Global Game Jam: The UAE’s 48-hour race to develop a game

Global Game Jam will run from Jan 30. to Feb. 1. (Supplied)
Short Url
Updated 30 January 2020

Global Game Jam: The UAE’s 48-hour race to develop a game

  • The Global Game Jam will give fans a chance to build a game that focuses on a secret theme — announced on the day — within a 48-hour condensed development cycle

DUBAI: With an array of festivals and events lined up this season, there is something rather intriguing scheduled for game creators in the UAE. 

The Global Game Jam is being held in Dubai from Jan. 30 to Feb.1 and will give fans a chance to build a game that focuses on a secret theme — announced on the day — within a 48-hour condensed development cycle. 

“Once the secret theme of the game is disclosed on the day of the event, participants will start searching for the team members and should immediately brainstorm and filter all the ideas based on their skills,” Ahmed Fouad, a game development lecturer at SAE Institute, told Arab News. 

“At this stage, the team will also schedule their sleep hours and divide the work among the members — artists will work on the characters and environment and programmers will start prototyping the game mechanics,” he added. 




The competitors will have to create a game within a 48-hour condensed development cycle. (Supplied)

Usually, the game development process can take years and so one of the biggest challenges of the event, according to Fouad, is the time limit and the fact that participants are designing and developing a game with people they have never met before.

“But during the game jams we have witnessed fantastic ideas and with the help of good team members, it can be brought to fruition as well,” he said. 

Another challenge faced when designing a game, according to Anna Tookey — a member of the Dubai’s SAE Institute student council — is when to say no.

“Often, we will find an idea that we love and cling to it thinking that nothing could beat this idea and it’s my ticket to fame. Turns out your first idea is usually your worst, the more times you scrap the idea and open your mind to others, (the more likely you are to) find something that truly works,” she told Arab News. 


Film review: Great storytelling makes for fascinating watch in Netflix’s ‘Yeh Ballet’

“Yeh Ballet” is no rags-to-riches story, but one of sheer fortitude and a bit of luck. (Supplied)
Updated 24 February 2020

Film review: Great storytelling makes for fascinating watch in Netflix’s ‘Yeh Ballet’

CHENNAI: Sooni Taraporevala gained immense fame by writing for Mira Nair’s films, such as “The Namesake,” “Mississippi Masala” and the Oscar-nominated “Salaam Bombay.” In 2009, Taraporevala stepped behind the camera to helm a small movie called “Little Zizou” about the Parsi community. It was a hit, and three years ago, she took up the camera again to create a virtual reality short documentary about two boys from Mumbai’s slums who became renowned ballet dancers.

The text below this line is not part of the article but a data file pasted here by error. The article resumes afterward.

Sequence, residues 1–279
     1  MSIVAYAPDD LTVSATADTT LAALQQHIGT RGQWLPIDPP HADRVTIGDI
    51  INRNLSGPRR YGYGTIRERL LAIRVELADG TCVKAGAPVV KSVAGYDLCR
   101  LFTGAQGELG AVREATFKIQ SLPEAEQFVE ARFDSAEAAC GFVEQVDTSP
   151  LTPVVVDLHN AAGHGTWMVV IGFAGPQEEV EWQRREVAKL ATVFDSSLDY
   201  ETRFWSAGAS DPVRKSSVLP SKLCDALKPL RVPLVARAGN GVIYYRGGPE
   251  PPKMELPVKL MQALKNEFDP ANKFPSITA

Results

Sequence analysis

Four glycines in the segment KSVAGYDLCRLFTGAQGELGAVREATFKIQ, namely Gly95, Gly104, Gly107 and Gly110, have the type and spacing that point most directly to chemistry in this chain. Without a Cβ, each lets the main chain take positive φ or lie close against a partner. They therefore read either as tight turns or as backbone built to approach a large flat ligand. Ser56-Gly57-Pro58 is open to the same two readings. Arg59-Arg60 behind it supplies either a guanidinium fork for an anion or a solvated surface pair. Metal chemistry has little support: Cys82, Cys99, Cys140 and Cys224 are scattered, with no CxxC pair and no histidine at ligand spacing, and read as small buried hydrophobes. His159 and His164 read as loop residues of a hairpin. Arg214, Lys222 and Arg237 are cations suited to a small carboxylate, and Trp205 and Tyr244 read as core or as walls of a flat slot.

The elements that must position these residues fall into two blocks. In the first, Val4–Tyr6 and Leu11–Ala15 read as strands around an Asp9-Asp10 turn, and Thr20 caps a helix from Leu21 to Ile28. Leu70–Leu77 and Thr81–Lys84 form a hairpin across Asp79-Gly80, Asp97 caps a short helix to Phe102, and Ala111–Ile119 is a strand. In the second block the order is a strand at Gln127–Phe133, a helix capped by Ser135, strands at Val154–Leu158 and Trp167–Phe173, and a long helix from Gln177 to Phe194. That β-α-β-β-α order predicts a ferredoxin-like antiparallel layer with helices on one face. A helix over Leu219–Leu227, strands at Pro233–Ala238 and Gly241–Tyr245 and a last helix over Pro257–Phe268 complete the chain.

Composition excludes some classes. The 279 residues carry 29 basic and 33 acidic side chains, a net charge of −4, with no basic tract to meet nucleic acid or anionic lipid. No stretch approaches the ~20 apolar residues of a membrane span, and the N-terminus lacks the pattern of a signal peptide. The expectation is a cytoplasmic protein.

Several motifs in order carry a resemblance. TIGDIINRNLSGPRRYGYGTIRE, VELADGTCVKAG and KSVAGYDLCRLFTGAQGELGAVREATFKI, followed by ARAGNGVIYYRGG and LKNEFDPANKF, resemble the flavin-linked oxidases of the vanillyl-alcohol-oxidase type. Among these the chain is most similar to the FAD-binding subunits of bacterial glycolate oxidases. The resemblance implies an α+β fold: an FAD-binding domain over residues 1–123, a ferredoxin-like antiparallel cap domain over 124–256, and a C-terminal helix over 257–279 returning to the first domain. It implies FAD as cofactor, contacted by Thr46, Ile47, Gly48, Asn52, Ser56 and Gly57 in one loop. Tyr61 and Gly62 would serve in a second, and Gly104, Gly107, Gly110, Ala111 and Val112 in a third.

Taraporevala converted her documentary into a full-length feature, “Yeh Ballet,” for Netflix, and the work, though with a somewhat documentary feel, is fascinating storytelling — a talent we have seen in her writings for Nair. 

Happily, “Yeh Ballet” is no rags-to-riches story (of the kind “Gully Boy” was), but one of sheer fortitude and a bit of luck. The film begins with a breathtaking aerial shot of the Arabian Ocean on whose shores Mumbai stands — an element that points toward the director’s background as a photographer. 

The film chronicles the lives of Nishu and Asif Beg. (Supplied) 

A story inspired by true events, “Yeh Ballet” chronicles the lives of Nishu (Manish Chauhan) and Asif Beg (newcomer Achintya Bose). The two lads are spotted by a ballet master, Saul Aaron (British actor Julian Sands) who, driven away from America because of his religion, lands in a Mumbai dance school.

Nishu and Asif, despite their nimble-footed ballet steps, find their paths paved with the hardest of obstacles. When foreign scholarships from famous ballet academies come calling, they cannot get a visa because they have no bank accounts. And while Asif’s father, dictated by his religion, is dead against the boy’s music and dancing, Nishu’s dad, a taxi driver, feels that his son’s passion is a waste of time and energy.

Well, all this ends well — as we could have guessed — but solid writing and imaginative editing along with Ankur Tewari’s curated music and the original score by Salvage Audio Collective turn “Yeh Ballet” into a gripping tale. It is not an easy task to transform a documentary into fiction, but Taraporevala does it with great ease. Or so it appears. Of course, the two protagonists add more than a silver lining to a movie that will be long remembered — the way we still mull over “Salaam Bombay” or “The Namesake.” But what I missed was a bit more ballet; the two guys are just wonderful to watch as they fly through the air.